Synopsis: The research examined in this study was composed of randomized, controlled trials that investigated CIN prevention and included IV sodium bicarbonate in one of the treatment groups. Nine published and 15 unpublished trials were selected for a total of 3,563 patients studied. The overall pooled relative risk of CIN in patients treated with IV sodium bicarbonate compared with normal saline was 0.62 (95% CI, 0.45-0.86), though the strength of this evidence was questioned.

Significant heterogeneity across studies was found (I2=49.1%; P=0.004), partially related to substantially greater treatment effect in published (RR 0.43, 95% CI, 0.25-0.75) versus unpublished (RR 0.78, 95% CI, 0.52-1.17) studies. Publication bias was confirmed statistically. Among the published studies, greater treatment effect favoring bicarbonate over saline tended to be reported in those published before 2008, had fewer patients (<200) and events (<15), had measured events within 48 hours, and were studies of lower quality.

No effects regarding the risk of heart failure, the need for dialysis, or mortality were found, though the studies were not specifically designed to investigate those clinical outcomes. Larger studies are needed to better assess these questions.

Bottom line: IV sodium bicarbonate for CIN prevention in high-risk patients could be less effective than previous reports have suggested.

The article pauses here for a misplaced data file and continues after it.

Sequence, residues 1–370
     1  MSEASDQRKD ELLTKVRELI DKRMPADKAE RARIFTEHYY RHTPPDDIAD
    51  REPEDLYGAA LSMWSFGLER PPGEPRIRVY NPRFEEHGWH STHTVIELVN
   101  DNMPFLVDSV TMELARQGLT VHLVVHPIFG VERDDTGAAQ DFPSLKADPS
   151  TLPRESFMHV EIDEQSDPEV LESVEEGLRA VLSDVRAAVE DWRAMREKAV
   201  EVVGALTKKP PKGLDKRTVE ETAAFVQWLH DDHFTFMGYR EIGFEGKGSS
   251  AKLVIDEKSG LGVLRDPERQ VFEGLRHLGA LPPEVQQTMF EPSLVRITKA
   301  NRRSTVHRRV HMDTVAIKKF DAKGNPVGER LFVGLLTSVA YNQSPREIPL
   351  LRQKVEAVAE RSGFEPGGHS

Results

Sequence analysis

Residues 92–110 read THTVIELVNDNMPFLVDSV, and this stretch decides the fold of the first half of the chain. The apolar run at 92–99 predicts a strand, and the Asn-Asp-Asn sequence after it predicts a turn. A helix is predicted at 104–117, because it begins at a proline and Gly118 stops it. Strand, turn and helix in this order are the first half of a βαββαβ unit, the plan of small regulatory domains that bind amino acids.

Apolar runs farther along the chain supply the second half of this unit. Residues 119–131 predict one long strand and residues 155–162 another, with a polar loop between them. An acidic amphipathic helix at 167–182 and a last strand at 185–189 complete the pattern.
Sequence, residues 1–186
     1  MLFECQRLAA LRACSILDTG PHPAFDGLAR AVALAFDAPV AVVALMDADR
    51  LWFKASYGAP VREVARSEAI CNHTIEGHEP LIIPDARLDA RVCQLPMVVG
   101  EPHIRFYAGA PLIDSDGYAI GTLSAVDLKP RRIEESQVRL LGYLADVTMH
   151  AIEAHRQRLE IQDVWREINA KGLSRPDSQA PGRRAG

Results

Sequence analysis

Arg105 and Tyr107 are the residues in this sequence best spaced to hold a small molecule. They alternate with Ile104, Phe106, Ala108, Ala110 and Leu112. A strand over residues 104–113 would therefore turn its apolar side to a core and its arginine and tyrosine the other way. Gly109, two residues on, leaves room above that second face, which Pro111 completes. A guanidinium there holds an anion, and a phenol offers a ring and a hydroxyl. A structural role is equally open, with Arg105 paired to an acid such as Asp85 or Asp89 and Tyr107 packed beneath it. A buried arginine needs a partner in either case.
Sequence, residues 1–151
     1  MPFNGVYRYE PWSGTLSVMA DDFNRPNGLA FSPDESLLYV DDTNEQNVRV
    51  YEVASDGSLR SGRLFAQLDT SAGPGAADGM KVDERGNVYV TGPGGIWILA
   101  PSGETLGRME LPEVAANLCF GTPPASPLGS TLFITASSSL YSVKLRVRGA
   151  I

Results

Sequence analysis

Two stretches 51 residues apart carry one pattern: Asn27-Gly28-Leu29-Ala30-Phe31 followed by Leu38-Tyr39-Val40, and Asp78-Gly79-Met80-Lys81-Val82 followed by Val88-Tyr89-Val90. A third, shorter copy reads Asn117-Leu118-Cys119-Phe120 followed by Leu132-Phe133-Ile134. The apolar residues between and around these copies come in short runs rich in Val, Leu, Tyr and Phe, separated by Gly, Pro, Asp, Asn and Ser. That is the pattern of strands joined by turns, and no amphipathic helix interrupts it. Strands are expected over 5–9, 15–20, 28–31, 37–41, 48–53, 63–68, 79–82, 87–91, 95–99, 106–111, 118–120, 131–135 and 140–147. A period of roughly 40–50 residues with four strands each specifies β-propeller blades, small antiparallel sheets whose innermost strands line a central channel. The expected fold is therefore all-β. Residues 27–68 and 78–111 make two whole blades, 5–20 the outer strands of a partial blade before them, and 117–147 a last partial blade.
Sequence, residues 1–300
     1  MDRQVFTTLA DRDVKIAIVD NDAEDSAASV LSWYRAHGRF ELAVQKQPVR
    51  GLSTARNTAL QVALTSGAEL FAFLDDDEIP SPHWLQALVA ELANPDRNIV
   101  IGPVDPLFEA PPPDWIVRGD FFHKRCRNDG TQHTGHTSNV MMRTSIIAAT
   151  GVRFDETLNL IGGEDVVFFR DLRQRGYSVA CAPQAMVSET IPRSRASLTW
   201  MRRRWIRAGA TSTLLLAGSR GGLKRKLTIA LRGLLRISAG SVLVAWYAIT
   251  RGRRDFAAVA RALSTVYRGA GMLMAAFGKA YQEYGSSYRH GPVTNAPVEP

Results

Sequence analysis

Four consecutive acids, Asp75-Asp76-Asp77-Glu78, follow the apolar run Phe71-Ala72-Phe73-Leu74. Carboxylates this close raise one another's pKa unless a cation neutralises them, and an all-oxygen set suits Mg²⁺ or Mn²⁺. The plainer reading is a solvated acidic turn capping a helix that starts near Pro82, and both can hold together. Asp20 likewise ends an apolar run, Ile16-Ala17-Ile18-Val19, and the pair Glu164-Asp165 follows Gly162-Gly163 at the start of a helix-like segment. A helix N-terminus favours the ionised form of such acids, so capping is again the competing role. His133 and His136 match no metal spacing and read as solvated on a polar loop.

Citation: Zoungas S, Ninomiya T, Huxley R, et al. Systematic review: sodium bicarbonate treatment regimens for the prevention of contrast-induced nephropathy. Ann Intern Med. 2009;151(9):631-638.

Clinical Shorts


Prospective study of patients with submassive PE found that >93% had normalization of right ventricular function at six months, but a significant proportion had symptoms and echocardiographic evidence of pulmonary hypertension.

Citation: Kline JA, Steuerwald MT, Marchick MR, Hernandez-Nino J, Rose GA. Prospective evaluation of right ventricular function and functional status 6 months after acute submassive pulmonary embolism: frequency of persistent or subsequent elevation in estimated pulmonary artery pressure. Chest. 2009;136(5):1202-1210.


In a prospective, multisite study, persons living in neighborhoods with better resources for physical activity and availability of healthier foods had a lower incidence of Type 2 diabetes, even after adjusting for individual socioeconomic status and risk behaviors.

Citation: Auchincloss AH, Diez Roux AV, Mujahid MS, Shen M, Bertoni AG, Carnethon MR. Neighborhood resources for physical activity and healthy foods and incidence of type 2 diabetes mellitus: the Multi-Ethnic Study of Atherosclerosis. Arch Intern Med. 2009;169(18):1698-1704.

Incidental Findings More Frequent than PE in Chest CT Angiograms

Clinical question: What is the prevalence of incidental findings on chest-computed tomographic angiograms (CTAs) ordered by an ED to evaluate for pulmonary embolism (PE)?

Background: CTAs commonly are ordered by ED physicians to assess for PE. While CTAs might yield findings to support an alternate diagnosis to PE, incidental findings might be found that often require further radiographic or clinical followup. The workup of these incidental findings can be burdensome and low-yield.

Study design: Retrospective chart review.

Setting: Single, academic, tertiary-care hospital in North Carolina.

Synopsis: All patients who underwent CTA evaluation for PE in the ED over two enrollment periods were selected; radiographic findings were compiled and their medical records reviewed. Fifty-five of 589 CTAs (9%) were positive for PE. New incidental findings requiring radiographic or clinical followup were found in 141 cases (24%).